In part two, we will look at the components of demand and how the Task Force applied supply chain management principles to forecasting, prioritizing, scheduling and constraints.

Wisconsin Manufacturers Helping During COVID-19

Many manufacturers in Wisconsin have shifted gears to help in the shortage of medical supplies in the fight against COVID-19.  

APICS Milwaukee is proud to serve the local community with supply chain education and information needed to be successful in today’s ever-changing world.

We are also proud of the Wisconsin manufacturers who are shifting gears to help produce medical equipment and supplies in the fight against COVID-19.

Read more below.

Photo source: https://www.midwestproto.com/badgershield


The Wisconsin State Journal shared last week how many Wisconsin businesses are stepping up to shift and help with medical shortages due to COVID-19 summarized below.

  • Doundrins Distilling in Cottage Grove has shifted from making alcohol to hand sanitizer to help medical clinics and other organizations that have run out. Doundrins made about 30 gallons of hand sanitizer last week and is waiting to get the bottles properly labeled before they are distributed.

  • Midwest Prototyping, based in Blue Mounds, Wisconsin, specializing in additive manufacturing for prototyping and low volume production has partnered with design firm Delve and the UW – Madison Makerspace to create a face shield to help combat the shortage. “We are trying to find ways to be part of the solution,” said Brian Ellison, business development manager for Midwest Prototyping. Midwest Prototyping is manufacturing the shields, and other companies have also picked up the design, including Ford Motor Co., which has halted production on vehicles and switched to making medical equipment in short supply.

  • UW School of Pharmacy’s Zeeh Pharmaceutical Experiment Station began delivering bottles of “Badger-ell,” the unofficial name of hand sanitizer the station is making, to UW Hospital, hospital spokesman Gian Galassi said.

  • In Lodi, Attwill Medical Solutions is shifting production from bandages to hand sanitizer. The company’s machines normally used to make a medicated gel applied to bandages can also manufacture hand sanitizer, director of business development Angus Jackson said.

  • Monterey Mills, a Janesville textile mill and Eder Flag in Oak Creek are teaming up to produce barrier masks for medical professionals and other organizations in need.  “Instead of sewing together the stars and stripes to make U.S. flags, we’re ready to help fill an urgent local and national need,” Jodi Goglio, chief operating officer of Eder Flag, said in a statement.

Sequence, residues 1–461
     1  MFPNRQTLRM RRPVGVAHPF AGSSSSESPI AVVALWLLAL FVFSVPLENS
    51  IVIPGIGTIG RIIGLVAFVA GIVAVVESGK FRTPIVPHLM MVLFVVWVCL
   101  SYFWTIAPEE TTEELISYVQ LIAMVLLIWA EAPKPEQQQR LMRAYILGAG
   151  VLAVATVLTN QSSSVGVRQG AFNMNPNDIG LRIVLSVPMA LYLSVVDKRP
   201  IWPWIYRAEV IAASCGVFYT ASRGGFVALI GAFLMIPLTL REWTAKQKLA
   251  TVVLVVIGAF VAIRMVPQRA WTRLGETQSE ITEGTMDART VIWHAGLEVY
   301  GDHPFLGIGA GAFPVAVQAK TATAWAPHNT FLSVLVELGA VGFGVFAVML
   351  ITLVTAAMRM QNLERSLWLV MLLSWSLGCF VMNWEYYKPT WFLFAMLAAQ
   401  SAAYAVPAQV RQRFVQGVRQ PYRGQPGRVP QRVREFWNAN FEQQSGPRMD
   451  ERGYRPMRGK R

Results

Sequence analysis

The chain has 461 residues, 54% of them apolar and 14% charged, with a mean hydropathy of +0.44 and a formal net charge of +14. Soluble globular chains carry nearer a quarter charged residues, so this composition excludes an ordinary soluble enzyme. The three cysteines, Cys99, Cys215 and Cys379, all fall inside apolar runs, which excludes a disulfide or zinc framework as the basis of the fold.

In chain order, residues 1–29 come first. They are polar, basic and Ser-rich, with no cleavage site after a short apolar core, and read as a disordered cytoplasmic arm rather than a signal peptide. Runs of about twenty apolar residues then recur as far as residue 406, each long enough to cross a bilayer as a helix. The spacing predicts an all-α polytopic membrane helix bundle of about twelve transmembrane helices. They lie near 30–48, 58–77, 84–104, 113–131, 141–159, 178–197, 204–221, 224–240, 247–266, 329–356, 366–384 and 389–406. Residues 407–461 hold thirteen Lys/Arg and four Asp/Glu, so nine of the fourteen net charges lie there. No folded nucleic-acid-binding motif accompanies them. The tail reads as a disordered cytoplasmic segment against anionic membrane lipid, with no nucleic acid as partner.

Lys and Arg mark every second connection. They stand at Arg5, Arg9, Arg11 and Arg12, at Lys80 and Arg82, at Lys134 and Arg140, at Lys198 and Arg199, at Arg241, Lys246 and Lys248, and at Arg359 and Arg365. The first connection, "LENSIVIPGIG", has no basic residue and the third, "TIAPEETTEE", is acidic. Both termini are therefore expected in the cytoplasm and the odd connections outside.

• Fitchburg-based Promega and Aldevron, which has a production facility in Madison — are producing the materials used by pharmacologists to develop tests and treatments for COVID-19. Aldevron makes enzymes and proteins as well as other materials used by global labs to find solutions for the disease. At its Madison facility, the staff of about 40 are working to boost production in the coming weeks. “We’re going as fast as we can,” said Tom Foti, an executive with Aldevron. “The volume that they’re talking about outstrips any one company.”

  • GE Healthcare ramped up production at its Madison facility making ventilators and other vital medical equipment, a spokeswoman said. The members of the Machinist Union (IAM) Local 1406 who work at GE in Madison passed a one-year emergency contract extension to continue producing more machines for anesthesia, respiratory and infant care, according to a statement from the union. “This extension allows the company and union to work together to produce lifesaving ventilator equipment that will be used around the world to combat the virus,” said Joe Terlisner, business representative for IAM District 10. “Both union members and salaried workers will be working on the shop floor side-by-side in order to meet the unprecedented demands of this ever-evolving crisis.”

  • Yahara Bay Distillers in Fitchburg is continuing to use beverage-quality alcohol to make a high-proof vodka. The 140-proof vodka, named Just Vodka, equates to 70% alcohol — a bit under double the usual alcohol content of Yahara Bay’s vodkas. The Centers for Disease Control and Prevention says that level of alcohol content can kill viruses. They have distributed their sanitizer to multiple polling places around the state in preparation of the April 7 election and plans to continue making sanitizers as the pandemic continues, said Nels Forde, general manager and chief operating officer.